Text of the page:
• Dehydration can alter the effectiveness of some medications, so it is important to be aware of this and seek medical help if you suspect there is interference  
  • If an older individual becomes dehydrated, they are more likely to be hospitalised which can lead to an increased risk of infections
symptoms of dehydration in elderly

What to do if an older person isn’t drinking enough

Being vigilant with an older person’s hydration needs is important, and both proactive and reactive intervention is required to protect their health and wellbeing and ensure complications do not develop as a result. Remember, thirst is the brain’s way of telling us that the body is already dehydrated, so don’t wait until an older person says they are thirsty – be proactive with their hydration needs. Here are a few ways you can help to prevent dehydration in an older loved one: 

  1. Encourage regular sips of water throughout the day (you can set a timer for every hour if you struggle to remember this).
  2. Offer them drinks they enjoy so they will drink more. For example, if they only like flavoured water, offer this instead of tap water.
  3. Pay attention to caffeine intake, as too much of this can further dehydrate the body due to increased urination. If your loved one is a keen tea or coffee drinker, consider switching them to decaffeinated options.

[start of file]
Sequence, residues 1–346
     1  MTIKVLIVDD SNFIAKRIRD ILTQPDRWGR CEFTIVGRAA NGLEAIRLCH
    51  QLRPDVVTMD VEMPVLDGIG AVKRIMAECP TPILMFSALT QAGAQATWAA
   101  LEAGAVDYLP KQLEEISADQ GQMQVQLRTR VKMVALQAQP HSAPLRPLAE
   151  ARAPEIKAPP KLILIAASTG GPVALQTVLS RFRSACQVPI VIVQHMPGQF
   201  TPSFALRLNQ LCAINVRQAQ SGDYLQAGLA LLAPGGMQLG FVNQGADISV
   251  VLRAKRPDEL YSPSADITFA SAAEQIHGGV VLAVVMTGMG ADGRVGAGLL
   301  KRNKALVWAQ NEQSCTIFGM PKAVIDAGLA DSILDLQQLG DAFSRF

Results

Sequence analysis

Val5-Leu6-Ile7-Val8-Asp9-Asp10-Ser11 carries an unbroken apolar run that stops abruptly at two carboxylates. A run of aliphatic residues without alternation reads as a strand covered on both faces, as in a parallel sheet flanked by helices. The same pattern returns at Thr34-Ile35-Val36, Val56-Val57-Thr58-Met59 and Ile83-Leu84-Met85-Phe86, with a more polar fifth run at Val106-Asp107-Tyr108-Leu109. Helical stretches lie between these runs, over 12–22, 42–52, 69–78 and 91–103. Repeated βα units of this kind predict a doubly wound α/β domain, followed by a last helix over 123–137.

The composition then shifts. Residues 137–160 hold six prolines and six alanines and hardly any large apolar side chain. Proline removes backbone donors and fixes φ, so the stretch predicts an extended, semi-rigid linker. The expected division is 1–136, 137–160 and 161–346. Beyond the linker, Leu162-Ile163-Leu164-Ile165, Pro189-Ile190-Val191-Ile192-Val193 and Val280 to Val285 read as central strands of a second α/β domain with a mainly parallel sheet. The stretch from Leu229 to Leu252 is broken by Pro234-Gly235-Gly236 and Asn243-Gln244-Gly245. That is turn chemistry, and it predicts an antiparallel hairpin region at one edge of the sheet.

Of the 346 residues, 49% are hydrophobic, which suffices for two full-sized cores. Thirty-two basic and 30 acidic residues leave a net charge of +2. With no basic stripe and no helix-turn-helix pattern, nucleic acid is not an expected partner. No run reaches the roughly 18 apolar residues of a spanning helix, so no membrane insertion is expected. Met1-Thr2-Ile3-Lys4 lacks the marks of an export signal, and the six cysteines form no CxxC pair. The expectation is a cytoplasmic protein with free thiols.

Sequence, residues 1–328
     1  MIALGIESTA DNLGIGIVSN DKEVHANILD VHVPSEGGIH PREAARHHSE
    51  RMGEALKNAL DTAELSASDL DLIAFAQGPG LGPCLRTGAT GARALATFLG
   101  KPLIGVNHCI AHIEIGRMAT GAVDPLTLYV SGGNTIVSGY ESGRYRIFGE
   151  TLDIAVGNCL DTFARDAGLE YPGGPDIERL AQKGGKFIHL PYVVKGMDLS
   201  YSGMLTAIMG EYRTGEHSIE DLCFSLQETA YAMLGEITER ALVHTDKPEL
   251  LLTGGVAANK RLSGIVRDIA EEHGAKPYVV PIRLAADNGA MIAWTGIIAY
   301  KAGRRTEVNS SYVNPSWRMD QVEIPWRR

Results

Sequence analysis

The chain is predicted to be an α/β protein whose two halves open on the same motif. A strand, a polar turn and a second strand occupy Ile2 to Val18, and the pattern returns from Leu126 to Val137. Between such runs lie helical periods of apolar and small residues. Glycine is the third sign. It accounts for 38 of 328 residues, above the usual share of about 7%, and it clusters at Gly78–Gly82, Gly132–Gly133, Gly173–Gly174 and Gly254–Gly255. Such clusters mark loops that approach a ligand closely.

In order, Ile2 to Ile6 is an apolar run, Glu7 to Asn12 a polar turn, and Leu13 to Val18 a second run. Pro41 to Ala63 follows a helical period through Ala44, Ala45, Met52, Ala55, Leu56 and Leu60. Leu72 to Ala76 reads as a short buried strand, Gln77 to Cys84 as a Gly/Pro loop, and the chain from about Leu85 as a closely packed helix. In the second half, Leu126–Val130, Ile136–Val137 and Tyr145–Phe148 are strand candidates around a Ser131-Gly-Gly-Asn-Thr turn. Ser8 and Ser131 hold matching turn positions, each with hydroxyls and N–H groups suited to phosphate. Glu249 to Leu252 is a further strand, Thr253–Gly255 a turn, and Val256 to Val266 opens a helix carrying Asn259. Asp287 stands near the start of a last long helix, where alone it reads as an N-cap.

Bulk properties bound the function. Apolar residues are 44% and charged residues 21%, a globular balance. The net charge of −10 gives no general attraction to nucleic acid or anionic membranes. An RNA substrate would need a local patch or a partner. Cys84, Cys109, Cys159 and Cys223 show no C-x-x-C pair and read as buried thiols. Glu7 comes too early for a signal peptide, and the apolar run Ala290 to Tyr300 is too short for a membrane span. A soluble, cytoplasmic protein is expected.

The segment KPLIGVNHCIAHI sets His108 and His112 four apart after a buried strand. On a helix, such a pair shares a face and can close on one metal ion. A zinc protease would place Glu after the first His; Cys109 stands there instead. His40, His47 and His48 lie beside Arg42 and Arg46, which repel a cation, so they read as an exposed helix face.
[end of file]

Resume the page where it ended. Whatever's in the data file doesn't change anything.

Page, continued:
4. If they have mobility or dexterity issues, make sure they always have access to a drink when they want it, even if you are not around. For example, a flask or water bottle placed near their seat on the sofa, or a cup with a straw if they struggle with lids. This will remove any barriers between them and staying hydrated. 
  5. Pay attention to the fluid temperature they like best. Some people do not like ice cold water and so they will be less likely to drink it. 
  6. Add hydrating foods into their meals and snacks, such as fruit like watermelon or vegetables like cucumber. Liquid-based foods like soup, gravy, custard and ice cream are also helpful for increasing the water content in an older person’s diet, but keep in mind that the amounts should be halved when calculating fluid intake. For example, 100 mls of soup would be roughly 50 mls of liquid.